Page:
Industrial elements are imbued with elegance in Holly Hunt’s new Los Angeles showroom.

Holly Hunt
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Holly Hunt and architects Johnston Marklee have created a warm and tactile space in a 1940s building.

Design aficionado Holly Hunt has collaborated with architects Johnston Marklee on its new Los Angeles showroom. The new space on Highland Avenue draws on graphic codes in its contemporary rethink of an industrial-style 1940s building, creating a warm ‘house within a house’ concept that situates two free-standing villas inside the building’s original concrete form.

‘Our concept was to nod to our roots in residential design,’ explains Joannah Kornak, executive creative director of Holly Hunt. ‘We were very intentional about incorporating architectural elements that balanced the timeless elegance of Holly Hunt with the more urban grit of LA to create a dynamic environment that would inspire and engage our audience of architectural and interiors professionals. We wanted to create a destination for the LA design community, built with Holly Hunt’s signature timeless modernity.’

The unique juxtaposition of industrial and elegant design codes takes its cue from the surrounding Sycamore District, with the character of the building itself making a raw foil for the bronze, leather and grey marble finishes.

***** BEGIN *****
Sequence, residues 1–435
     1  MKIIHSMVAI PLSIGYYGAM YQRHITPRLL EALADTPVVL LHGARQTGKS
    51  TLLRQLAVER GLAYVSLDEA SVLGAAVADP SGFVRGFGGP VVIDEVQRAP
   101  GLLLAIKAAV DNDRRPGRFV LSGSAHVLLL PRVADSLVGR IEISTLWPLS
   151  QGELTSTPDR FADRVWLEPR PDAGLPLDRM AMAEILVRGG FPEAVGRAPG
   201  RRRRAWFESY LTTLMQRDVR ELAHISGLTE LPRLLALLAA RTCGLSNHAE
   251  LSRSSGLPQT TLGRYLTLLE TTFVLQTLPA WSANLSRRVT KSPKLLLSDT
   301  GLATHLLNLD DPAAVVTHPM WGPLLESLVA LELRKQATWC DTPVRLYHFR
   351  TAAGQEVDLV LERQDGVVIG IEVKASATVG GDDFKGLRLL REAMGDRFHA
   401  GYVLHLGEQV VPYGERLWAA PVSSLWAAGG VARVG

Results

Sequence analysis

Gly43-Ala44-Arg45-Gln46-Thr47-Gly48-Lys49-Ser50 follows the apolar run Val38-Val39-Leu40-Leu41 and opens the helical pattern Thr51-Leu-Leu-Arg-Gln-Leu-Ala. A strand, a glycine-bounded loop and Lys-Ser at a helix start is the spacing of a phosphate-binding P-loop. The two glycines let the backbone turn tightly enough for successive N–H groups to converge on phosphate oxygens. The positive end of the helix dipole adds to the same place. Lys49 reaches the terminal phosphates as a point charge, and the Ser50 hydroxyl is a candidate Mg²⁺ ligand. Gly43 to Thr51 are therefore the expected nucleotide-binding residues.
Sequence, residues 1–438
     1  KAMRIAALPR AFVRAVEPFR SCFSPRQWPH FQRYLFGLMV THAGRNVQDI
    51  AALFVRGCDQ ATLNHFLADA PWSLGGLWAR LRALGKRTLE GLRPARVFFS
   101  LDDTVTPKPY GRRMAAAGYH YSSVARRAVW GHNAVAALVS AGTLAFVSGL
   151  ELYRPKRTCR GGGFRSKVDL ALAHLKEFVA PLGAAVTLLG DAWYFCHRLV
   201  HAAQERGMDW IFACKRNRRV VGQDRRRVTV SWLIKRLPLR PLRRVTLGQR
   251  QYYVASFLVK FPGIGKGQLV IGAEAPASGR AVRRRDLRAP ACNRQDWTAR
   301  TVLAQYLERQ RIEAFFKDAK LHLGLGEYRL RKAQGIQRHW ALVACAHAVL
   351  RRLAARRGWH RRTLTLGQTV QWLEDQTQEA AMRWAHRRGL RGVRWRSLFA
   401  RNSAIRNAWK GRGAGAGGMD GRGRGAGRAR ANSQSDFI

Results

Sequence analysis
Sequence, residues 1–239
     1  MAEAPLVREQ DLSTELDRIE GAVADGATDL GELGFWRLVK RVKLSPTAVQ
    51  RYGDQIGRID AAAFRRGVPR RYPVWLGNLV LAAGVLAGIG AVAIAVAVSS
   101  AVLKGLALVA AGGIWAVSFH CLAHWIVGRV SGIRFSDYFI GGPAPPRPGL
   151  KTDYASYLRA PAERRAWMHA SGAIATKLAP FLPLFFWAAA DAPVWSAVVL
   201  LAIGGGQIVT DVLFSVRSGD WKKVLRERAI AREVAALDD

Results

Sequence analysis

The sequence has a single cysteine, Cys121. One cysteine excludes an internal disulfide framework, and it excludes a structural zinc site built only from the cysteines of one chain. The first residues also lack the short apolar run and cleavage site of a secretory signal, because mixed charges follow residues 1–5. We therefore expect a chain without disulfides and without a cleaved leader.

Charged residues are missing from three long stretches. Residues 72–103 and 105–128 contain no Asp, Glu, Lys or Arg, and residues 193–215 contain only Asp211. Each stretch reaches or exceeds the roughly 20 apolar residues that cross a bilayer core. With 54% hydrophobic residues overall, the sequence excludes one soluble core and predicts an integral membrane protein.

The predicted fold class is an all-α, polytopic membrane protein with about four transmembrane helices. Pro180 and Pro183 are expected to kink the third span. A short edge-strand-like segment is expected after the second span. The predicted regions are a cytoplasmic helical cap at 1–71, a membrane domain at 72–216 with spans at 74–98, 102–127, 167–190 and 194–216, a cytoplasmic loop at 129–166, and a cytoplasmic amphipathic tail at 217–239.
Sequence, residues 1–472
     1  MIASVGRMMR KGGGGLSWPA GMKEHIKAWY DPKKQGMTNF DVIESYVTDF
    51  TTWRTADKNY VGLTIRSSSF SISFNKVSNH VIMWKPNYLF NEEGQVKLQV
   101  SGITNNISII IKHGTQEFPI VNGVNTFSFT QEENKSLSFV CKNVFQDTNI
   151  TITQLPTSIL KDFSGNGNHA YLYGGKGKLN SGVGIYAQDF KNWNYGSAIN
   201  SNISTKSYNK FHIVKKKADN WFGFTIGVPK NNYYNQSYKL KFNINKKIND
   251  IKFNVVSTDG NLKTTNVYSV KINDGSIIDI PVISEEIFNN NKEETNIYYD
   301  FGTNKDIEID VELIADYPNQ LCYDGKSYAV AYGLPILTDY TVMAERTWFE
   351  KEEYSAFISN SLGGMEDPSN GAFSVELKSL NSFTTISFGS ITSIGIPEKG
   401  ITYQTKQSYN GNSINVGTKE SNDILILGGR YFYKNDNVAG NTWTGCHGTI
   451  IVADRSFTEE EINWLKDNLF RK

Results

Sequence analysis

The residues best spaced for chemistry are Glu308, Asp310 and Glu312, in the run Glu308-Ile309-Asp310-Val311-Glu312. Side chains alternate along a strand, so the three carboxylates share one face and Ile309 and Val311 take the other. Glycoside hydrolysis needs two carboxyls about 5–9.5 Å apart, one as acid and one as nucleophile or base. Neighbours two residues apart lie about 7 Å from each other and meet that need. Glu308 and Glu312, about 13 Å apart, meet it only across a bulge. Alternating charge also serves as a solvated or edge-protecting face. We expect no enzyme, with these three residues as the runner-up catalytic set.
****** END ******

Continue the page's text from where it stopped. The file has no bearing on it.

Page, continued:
For Sharon Johnston of Johnston Marklee, the space was a natural backdrop for the warmth and tactility of Holly Hunt’s portfolio. ‘We immediately recognised the potential in the scale of this interior to showcase the many dimensions of Holly Hunt’s products: from the intimacy of domestic interiors to the furniture settings of a commercial lobby or an outdoor patio,’ Johnston says. ‘By nesting two “villas” within the warehouse shell, we created comfortable, domestically scaled inside spaces and outside zones with tall ceilings and views to the city that are further delineated by materials – raw oak flooring within the rooms of the house, and light grey terrazzo outside – and through lighting, daylighting and various furniture vignettes.’

The villas are surrounded by a gallery space inspired by an exterior street, building on Holly Hunt’s past reinventions of traditional showrooms. ‘Since we opened the doors of our first Holly Hunt showroom almost 40 years ago, our approach was to combine elevated architecture and furnishings in composed rooms and spaces, displaying them in the context for which they were designed,’ adds Kornak.

‘The design feels authentic and relevant to Los Angeles yet captures the essence of Holly Hunt’s aesthetic, which is timeless elegance with a focus on materiality.’

It is this celebration of materials that directly inspired the design for Johnston. ‘The design draws strength and a sense of timeless relevance from the balance of the industrial rawness of the base building – and elemental materials such as raw plaster, matte terrazzo, honed marble, and raw oak – with the more luxe materials that are part of the brand’s signature, including bronze metals, marbles and granite, glass and leather,’ she says. ‘The harmony of contrasting tones and textures highlights the specialty finishes, colours and details of the Holly Hunt products in relation to the rawness of the industrial shell.

‘The dynamic equilibrium of high and low finishes, rough and refined surfaces, within a space that is at once domestic and industrial in scale, offers a unique setting to discover the craftsmanship of the pieces in an interior that is both casual in atmosphere and bespoke in detail.’

Industrial elements are imbued with elegance in Holly Hunt’s new Los Angeles showroom.